So... I’m at this How Oregon Works event on Workforce Evolution and one of the panel discussions bled into diversity, equity and inclusion. As I listened to the panel talk about inclusive workplaces one word kept coming up: different. To paraphrase: “We are trying to create an inclusive environment that everyone can thrive in regardless of how different they are.”
Why is the word “different” deemed OK when talking about equity and inclusion? Because it's not.
It’s not OK to think you are doing equity work when you’re viewing it as basically making sure “different” people feel OK working for you. You’re not really accepting someone if you’re viewing anyone as “different”. That equates to “not normal”.
How about making your mission simply to create and cultivate an inclusive culture and workplace that embraces everyone? I’m of the mindset that it never helps to view and label your current and potential employees as “other”. It hampers your ability for organizational buy-in. If you're sending the message to your managers, VPs, supervisors and department heads that your initiatives and goals for building an inclusive community are connected to making sure "different" people feel welcome then you're automatically stoking a bias fire in their heads.
I've always viewed true inclusivity and inclusive work cultures as environments that embrace everyone without categorization or caveats. Using the term "different" does both. Let's remove this from the vocabulary and the discussion. Let's build workplaces where all are welcome. Let's cultivate workplaces that trumpet the things that make us all our own people yet collectively better. Let's support eradicating group think because we've created an environment where all viewpoints, all personal and professional experiences, are of equal value san labels.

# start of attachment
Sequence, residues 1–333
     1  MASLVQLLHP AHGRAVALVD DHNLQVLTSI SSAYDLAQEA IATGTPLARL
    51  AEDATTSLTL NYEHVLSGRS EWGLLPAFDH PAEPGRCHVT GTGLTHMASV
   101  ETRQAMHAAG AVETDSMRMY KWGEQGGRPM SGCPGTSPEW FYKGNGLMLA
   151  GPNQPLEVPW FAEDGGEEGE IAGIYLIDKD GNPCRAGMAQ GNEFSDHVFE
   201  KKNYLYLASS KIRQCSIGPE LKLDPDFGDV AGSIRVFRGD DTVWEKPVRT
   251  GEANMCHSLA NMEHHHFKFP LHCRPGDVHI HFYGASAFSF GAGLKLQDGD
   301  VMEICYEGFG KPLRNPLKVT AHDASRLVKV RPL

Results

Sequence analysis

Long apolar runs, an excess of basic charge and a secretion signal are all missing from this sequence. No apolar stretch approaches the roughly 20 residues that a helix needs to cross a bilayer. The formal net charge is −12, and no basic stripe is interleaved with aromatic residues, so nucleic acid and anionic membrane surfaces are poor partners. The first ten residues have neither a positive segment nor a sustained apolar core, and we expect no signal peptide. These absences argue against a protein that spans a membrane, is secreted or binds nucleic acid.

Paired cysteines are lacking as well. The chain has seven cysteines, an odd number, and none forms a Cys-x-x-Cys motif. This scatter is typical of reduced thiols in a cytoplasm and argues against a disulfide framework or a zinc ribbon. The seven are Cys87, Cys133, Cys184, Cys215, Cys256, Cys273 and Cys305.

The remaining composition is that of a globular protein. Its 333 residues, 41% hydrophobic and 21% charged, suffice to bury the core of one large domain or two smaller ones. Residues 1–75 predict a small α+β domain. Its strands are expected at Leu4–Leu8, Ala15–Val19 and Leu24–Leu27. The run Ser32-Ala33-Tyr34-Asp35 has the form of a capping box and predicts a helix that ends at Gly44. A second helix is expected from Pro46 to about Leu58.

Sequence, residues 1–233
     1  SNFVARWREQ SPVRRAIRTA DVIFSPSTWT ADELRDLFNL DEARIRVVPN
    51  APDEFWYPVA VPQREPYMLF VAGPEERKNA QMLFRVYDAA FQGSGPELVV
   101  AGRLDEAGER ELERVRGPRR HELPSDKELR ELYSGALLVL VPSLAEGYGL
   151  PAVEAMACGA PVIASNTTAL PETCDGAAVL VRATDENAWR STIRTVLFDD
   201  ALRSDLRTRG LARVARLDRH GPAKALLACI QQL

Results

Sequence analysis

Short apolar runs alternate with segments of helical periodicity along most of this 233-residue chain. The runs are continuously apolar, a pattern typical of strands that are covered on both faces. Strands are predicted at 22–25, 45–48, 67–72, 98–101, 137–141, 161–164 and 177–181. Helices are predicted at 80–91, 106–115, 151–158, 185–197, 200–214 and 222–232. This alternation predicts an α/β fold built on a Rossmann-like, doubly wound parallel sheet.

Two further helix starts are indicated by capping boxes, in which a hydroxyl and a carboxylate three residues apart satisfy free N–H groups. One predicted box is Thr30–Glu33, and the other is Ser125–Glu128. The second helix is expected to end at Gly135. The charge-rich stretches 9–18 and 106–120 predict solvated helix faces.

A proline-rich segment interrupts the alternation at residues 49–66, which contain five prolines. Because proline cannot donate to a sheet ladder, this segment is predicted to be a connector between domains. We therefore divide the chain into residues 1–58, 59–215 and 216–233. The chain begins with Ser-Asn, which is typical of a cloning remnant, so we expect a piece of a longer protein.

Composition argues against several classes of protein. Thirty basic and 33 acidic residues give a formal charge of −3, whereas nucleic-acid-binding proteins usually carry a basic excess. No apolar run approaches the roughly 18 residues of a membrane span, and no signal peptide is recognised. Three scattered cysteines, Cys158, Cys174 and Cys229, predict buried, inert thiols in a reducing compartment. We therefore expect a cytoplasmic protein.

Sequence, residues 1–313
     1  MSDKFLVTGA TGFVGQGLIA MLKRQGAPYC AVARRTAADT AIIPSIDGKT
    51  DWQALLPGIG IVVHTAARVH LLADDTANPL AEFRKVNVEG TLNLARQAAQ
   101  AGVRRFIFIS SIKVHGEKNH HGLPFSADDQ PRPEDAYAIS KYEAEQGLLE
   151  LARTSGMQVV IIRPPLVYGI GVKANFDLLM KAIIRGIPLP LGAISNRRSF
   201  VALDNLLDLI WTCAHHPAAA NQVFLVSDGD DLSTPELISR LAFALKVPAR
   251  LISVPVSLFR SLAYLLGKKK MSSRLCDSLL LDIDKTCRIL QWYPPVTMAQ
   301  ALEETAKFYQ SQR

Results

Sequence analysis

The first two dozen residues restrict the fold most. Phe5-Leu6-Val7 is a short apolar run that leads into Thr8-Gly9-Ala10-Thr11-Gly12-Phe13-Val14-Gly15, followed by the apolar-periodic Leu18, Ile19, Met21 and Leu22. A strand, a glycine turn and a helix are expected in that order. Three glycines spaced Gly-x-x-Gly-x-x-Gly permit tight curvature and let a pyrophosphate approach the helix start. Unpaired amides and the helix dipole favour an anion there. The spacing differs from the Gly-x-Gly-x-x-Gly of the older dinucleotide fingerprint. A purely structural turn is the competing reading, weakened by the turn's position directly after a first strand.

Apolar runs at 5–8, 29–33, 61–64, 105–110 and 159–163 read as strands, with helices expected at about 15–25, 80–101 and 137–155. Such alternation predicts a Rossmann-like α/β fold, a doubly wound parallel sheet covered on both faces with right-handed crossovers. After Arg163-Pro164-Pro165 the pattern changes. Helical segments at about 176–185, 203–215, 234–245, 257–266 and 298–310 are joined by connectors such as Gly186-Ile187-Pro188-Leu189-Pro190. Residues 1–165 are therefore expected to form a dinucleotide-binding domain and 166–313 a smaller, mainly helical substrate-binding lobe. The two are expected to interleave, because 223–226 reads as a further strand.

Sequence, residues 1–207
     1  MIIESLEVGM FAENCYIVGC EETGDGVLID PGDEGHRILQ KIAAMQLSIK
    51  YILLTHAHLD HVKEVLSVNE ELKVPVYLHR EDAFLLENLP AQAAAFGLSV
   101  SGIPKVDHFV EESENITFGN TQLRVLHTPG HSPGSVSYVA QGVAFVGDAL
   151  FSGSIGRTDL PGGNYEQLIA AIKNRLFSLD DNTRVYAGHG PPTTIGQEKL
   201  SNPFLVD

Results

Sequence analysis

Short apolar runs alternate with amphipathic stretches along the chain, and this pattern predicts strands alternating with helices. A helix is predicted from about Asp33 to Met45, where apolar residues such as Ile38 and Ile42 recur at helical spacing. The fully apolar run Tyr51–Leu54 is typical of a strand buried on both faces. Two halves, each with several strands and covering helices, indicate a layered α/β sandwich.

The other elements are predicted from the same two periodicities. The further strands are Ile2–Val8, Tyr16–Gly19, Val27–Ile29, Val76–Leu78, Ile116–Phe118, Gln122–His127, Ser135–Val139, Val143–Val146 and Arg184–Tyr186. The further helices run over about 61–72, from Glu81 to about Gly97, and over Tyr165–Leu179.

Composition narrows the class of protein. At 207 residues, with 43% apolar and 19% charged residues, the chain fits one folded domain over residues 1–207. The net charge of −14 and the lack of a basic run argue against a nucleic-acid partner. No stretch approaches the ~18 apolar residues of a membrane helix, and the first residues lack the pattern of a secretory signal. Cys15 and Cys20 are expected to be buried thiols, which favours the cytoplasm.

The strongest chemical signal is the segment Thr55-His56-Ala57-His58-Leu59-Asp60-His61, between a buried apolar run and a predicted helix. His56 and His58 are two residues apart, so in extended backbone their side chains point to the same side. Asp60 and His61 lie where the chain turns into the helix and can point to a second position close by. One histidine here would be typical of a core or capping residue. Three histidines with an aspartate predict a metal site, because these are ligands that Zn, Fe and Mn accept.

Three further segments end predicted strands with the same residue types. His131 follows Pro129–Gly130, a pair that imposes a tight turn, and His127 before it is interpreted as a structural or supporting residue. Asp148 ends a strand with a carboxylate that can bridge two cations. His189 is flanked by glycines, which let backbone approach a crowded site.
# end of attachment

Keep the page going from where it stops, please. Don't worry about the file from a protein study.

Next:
By labeling citizens that your company has done a poor job of connecting with and elevating as "different" you are creating an environment where POCs, cisgender women, queer citizens and marginalized people do not have the same support as their White cisgender colleagues. Build work cultures that are about giving all employees a home while reflecting the legitimate diversity of the communities your company serves. Then help your non-White identifying employees grow personally and professionally in the same manner as their White cis coworkers.
Forget about "different". Think, "Are we reflecting the community we serve?" Think, "Are we supporting and fostering an environment where everyone is thriving?" And if not? Get to work on repairing this...because it is not overnight work. It's introspective work that forces people and companies to be honest with their track record and support for their employees. But it's worth it. It makes your company smarter and connected.
And it's "different" than what many companies are actually doing right now.